Each year an independent actuarial assessment is undertaken to review the appropriate level of reserves to be held for future claims. The outcome of this assessment informs the annual review of Earmarked Reserves which is undertaken as part of the Budget and Business Planning process.  In 2019/20 £1m was released from the reserve to support service delivery. 

 

I also  ...  view the full minutes text for item 57/20

58/20

Questions with Notice from Members of the Council pdf icon PDF 543 KB

Minutes:

25 questions with Notice were asked.  Details of the questions and answers and supplementary questions and answers will be set out in the Annex to the minutes.

 

In relation to Question 5, Councillor Constance undertook to provide Councillor Sudbury with a written answer clarifying whether the County Council had contact with other local authorities such as Hackney who had ambitious tree planting targets.

 

In relation to Question 8, Councillor Hudspeth undertook to provide Councillor Bearder with a written answer clarifying what proportion of the £35k cost of the report was paid for by each respective council.

 

In relation to Question 10, Councillor Bartholomew undertook to provide Councillor Roberts with a written answer on whether there was a likely timescale for when OCC would be signing the funding agreement.

 

In relation to Question 12, Councillor Stratford undertook to provide Councillor Pressel with a written answer as to whether the Council had a policy in relation to vaping.

 

In relation to Question 13, Councillor Constance undertook to provide Councillor Pressel with a written answer on why the specialist consultant support was only for 30 to 40 schools and why the council were employing contractors to undertake this work.

 

In relation to Question 24, Councillor Stratford undertook to provide Councillor Hannaby with a written answer detailing how many homes were participating in designated settings; how much more funding they would receive and how that would be funded.

59/20

Item of Urgent Business - Covid Update Post Prime Minister's Announcement pdf icon PDF 345 KB

Additional documents:

Minutes:

Under the provisions set out in Section 100B(4) of the Local Government Act 1972 (as amended) the Chairman of the meeting was of the opinion that the following item - COVID Update Post Prime Minister’s Announcement could be taken after Agenda Item 8 as urgent business in view of the recent Government announcement and developing national situation.’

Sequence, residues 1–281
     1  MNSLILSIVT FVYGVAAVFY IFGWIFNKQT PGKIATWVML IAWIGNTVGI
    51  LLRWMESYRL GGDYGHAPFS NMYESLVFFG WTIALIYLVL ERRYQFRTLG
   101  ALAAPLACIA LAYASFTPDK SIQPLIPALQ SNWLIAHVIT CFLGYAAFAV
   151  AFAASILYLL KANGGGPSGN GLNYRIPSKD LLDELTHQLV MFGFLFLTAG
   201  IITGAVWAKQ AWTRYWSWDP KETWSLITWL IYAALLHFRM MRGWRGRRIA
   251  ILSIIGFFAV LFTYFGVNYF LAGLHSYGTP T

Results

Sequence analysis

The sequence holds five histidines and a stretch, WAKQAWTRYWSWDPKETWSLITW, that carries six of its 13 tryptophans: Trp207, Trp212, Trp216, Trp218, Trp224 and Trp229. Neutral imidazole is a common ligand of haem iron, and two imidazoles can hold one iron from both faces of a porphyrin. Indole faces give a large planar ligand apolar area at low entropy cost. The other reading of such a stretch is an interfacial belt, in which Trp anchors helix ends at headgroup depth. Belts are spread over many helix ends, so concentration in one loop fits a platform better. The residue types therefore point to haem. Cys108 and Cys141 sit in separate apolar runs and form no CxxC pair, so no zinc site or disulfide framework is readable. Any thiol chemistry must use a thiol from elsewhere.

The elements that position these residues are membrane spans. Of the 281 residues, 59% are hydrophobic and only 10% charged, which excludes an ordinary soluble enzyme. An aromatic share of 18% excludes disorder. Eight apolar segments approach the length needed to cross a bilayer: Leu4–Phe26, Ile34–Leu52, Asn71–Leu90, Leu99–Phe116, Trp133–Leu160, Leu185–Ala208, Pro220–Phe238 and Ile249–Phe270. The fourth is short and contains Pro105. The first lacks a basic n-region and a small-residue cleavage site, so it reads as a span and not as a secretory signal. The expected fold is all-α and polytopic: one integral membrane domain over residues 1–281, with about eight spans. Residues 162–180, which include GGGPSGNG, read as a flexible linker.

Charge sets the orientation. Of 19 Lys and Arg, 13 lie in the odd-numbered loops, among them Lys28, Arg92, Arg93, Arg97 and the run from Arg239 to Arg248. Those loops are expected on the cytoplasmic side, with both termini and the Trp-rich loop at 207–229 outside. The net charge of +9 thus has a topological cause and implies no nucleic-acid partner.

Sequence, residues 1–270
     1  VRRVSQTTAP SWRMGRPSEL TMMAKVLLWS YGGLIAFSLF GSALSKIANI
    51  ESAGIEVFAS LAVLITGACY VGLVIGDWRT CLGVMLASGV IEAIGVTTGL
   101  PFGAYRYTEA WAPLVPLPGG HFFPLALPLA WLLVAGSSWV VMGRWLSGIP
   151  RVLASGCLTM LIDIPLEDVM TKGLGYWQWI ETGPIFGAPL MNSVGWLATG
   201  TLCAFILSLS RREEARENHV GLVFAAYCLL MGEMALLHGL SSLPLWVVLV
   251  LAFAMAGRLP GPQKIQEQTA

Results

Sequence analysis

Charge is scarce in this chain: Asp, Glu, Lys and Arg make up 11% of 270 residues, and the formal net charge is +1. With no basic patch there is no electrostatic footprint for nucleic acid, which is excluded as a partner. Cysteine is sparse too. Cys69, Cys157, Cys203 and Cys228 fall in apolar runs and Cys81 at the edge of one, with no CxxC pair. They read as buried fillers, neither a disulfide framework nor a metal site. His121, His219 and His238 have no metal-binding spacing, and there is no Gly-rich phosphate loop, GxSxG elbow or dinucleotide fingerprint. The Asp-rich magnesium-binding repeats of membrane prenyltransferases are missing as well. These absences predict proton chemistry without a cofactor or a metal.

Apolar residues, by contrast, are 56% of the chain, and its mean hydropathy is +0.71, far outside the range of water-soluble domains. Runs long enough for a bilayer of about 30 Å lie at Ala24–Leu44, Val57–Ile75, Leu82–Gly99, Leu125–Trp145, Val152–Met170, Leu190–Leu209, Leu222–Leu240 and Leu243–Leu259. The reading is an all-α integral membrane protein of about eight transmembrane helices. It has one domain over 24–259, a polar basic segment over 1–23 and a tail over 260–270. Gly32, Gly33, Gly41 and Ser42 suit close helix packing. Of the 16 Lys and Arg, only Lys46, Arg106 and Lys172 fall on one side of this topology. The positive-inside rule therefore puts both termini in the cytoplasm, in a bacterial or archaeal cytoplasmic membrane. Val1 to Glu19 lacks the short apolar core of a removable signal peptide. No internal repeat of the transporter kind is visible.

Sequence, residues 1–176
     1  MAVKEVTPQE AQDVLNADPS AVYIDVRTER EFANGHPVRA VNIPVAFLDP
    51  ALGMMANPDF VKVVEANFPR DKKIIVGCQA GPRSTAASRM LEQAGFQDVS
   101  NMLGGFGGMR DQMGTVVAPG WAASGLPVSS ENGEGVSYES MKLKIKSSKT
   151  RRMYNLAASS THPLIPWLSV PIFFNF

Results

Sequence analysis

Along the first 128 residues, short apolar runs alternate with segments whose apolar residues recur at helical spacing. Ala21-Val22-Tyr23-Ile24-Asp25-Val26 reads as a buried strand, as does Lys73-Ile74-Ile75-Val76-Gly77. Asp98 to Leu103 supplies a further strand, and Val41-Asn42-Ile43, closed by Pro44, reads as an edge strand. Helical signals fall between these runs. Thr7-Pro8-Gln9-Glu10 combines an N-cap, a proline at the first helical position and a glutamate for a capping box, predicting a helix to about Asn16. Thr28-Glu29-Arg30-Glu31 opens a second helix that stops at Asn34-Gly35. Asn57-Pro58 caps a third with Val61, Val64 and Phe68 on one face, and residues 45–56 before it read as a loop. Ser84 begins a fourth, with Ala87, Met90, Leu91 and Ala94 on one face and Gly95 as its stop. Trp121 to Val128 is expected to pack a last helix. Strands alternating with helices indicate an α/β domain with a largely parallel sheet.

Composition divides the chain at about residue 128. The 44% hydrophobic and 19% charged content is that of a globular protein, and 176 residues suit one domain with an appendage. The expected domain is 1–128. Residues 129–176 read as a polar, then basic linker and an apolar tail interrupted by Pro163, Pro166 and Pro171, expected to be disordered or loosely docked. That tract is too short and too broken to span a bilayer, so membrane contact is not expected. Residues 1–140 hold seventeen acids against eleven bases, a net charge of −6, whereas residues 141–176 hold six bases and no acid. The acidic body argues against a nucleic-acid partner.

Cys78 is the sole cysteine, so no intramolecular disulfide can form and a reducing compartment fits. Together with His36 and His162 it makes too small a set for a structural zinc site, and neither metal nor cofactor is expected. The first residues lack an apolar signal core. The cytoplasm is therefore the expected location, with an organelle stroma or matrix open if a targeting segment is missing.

Council received an update from the Leader of the Council as follows:

 

“When I suggested this debate at the end of last week, I thought we would be discussing the different Tier levels in Oxfordshire. Obviously, that has changed following the announcement of the National Lock down by the Government on Saturday.

 

However, what has not changed is my thanks and support to Ansaf our Director of Public Health who has been invaluable in his work over recent months. He has been ably assisted by his deputy Val Messenger along with all the Public Health team.  Also, I have to thank the amazing hard work of our CEO Yvonne Rees who appears to be working 24 hours a day and making sure I know that by phone calls/emails at all time of the day and night.

 

The residents of Oxfordshire owe Yvonne and Ansaf a huge thank you for all their hard work and commitment.  I would like to take this opportunity to thank all our staff who have worked exceptionally hard over the recent months.

 

We were moving into the recovery phase but that work now has to be changed as now staff will be focusing on supporting our residents especially the vulnerable in Oxfordshire. I know staff will rise to the occasion despite the fact that many are almost running on empty due to their hard work over the recent months. There is a packed agenda for business as usual.  I cannot say how proud I am to be Leader of Oxfordshire County Council with the dedication and hard work of both staff and members.

 

The move to a national lockdown has been triggered by following the scientific advice which is what we were doing locally with our recommendation to move the whole of the county to Tier 2. It was about following the data trends as the virus was spreading across the age groups in all districts across the county.

 

The virus does not respect boundaries therefore we have to consider what is best for the majority of Oxfordshire. The virus does not suddenly stop just past the Park & Ride on the Botley Road Likewise on Old Road it does not simply disappear as you cross the bridge into South Oxfordshire.

 

I realise that would impact on some communities that have little or no connection with Oxford however it’s important that we do our best to reduce the spread.  I know there will be an economic and general health impact but by following the scientific advice at an early stage could have reduced the need for longer stricter messages.

 

This is as much about protecting the economy as well as  ...  view the full minutes text for item 59/20

60/20

Report of the Cabinet pdf icon PDF 235 KB

Report of the Cabinet Meetings held on 15 September 2020 and 13 October 2020 (CC9).

Minutes:

Council received the report of the Cabinet.